By Richard Thomas
One of the most under-sung factors in how a whiskey ultimately turns out is climate. This is true to such an extent that I will sometimes read a whiskey blogger wax romantic about the virtues of a particular historic warehouse in regards to the maturation of the casks laid within, all without mentioning the interplay with the weather outside that building even once.
Awareness of just how neglected a point this is has led me to inquire about the role of climate whenever it varies from the familiar norms of Scotland or Kentucky. So, I am interested about how the weather impacts on maturation in extreme locations from Iceland to Taiwan to Texas. I’m also curious about those instances where a familiar type of whiskey, such as Scotch, is moved to a new country for more time in the cask.
Contrary to some reports, Nomad Outland Whisky isn’t the first example of such a thing. There have been other two-country whiskies before, and Nomad isn’t even the first time such a thing was finished in Spain. That said, Nomad is likely the product example with the largest production run, and therefore is the most accessible.
Nomad starts with a blend of 30 malt and grain whiskies courtesy of Richard “The Nose” Patterson, all aged between 5 and 8 years. These are married in Sherry butts, and aged for another three years. Finally, the liquid is shipped off to Jerez, Spain, whereupon it is transferred to Pedro Ximénez Sherry casks and given a year’s worth of finishing. Thus, this is a triple cask whisky, with the final stage in the radically different climate of southwest Spain.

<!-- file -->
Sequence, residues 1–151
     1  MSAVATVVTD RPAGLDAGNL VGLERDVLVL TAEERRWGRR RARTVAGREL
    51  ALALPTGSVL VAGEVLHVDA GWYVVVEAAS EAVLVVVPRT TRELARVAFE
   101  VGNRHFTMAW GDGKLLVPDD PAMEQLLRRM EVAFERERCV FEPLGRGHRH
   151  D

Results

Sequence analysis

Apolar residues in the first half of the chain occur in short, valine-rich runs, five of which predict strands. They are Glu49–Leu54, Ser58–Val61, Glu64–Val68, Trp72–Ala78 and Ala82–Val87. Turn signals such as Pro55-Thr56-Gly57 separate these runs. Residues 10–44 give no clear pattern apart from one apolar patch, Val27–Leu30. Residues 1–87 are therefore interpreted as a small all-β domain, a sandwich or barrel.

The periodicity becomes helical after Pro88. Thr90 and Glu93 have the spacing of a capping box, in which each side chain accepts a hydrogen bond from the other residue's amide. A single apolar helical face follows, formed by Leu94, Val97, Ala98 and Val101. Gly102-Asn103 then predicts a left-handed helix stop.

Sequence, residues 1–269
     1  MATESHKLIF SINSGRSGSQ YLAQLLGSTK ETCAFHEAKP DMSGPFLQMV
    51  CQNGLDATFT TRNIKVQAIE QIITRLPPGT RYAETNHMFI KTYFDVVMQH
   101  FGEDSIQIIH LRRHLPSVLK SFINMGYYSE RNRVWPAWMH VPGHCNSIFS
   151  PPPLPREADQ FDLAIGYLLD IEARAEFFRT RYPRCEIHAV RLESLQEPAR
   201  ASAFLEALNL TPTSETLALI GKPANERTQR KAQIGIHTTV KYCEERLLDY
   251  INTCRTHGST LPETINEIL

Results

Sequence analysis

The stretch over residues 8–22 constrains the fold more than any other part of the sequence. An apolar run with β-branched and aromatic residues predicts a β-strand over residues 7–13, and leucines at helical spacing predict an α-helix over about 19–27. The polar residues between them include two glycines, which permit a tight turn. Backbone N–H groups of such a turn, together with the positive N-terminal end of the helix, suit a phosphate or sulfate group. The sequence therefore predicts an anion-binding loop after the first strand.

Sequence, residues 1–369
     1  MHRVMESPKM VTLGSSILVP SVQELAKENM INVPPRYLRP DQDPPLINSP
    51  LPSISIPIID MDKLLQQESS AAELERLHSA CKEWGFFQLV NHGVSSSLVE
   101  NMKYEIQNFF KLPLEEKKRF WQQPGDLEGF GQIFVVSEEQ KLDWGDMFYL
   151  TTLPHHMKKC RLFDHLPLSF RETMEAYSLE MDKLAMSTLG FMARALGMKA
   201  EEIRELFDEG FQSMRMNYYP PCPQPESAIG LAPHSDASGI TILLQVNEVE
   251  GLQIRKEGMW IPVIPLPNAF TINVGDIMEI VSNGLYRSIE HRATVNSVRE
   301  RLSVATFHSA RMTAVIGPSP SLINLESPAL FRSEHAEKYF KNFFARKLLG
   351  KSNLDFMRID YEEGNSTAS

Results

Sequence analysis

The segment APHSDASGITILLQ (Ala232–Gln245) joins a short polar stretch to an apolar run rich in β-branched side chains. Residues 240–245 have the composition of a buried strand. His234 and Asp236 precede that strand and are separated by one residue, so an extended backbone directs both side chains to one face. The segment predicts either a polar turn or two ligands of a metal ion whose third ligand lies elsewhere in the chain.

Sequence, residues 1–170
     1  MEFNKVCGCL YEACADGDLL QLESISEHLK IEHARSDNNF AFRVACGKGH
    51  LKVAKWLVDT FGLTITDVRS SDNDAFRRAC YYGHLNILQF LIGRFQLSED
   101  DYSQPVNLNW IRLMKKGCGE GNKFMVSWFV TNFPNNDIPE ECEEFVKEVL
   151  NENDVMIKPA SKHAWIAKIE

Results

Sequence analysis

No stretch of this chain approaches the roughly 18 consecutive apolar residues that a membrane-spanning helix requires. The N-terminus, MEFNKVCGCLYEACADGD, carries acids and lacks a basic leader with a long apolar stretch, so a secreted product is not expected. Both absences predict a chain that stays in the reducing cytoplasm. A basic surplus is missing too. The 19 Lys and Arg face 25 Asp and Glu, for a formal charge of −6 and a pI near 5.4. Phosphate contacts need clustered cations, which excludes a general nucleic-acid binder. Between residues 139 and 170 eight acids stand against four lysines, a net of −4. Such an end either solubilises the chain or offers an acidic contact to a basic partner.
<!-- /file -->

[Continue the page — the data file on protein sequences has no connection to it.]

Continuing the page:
The liquid has a light amber coloring, very much in the orange-golden vein, and leaves thin legs on the glass. It was bottled at 41.3% abv, and went unfiltered.
The nose is both quite sherried and thickly spiced. A malty sweet foundation is thickly overlaid with raisins, marzipan and pine needles. On the palate, the whisky is smooth, syrupy, and smacks of butterscotch, marzipan and banana. The finish takes a dry, woody twist at first, but runs sweet and lingers on with moderate warmth.
In my mind, whiskies like Nomad are representative of a key method to take a short cut around time in the cask by relying on better wood. Nomad isn’t exactly a youthful whisky, and by my math it’s age statement (if it had one) would read “9 years old,” but it sought to build on that base by going deep into Sherry territory. One might expect that to make it a sherry bomb, but not so much.
Even so, it’s a yummy, fairly easy going sipper. Moreover, it has a little bit of that “Spanish soul” I read about on Huffington Post, for it holds its character well on ice. Grab a bottle for your summer drinking.
£30 in the UK (70cl) , $45 in the US (750ml).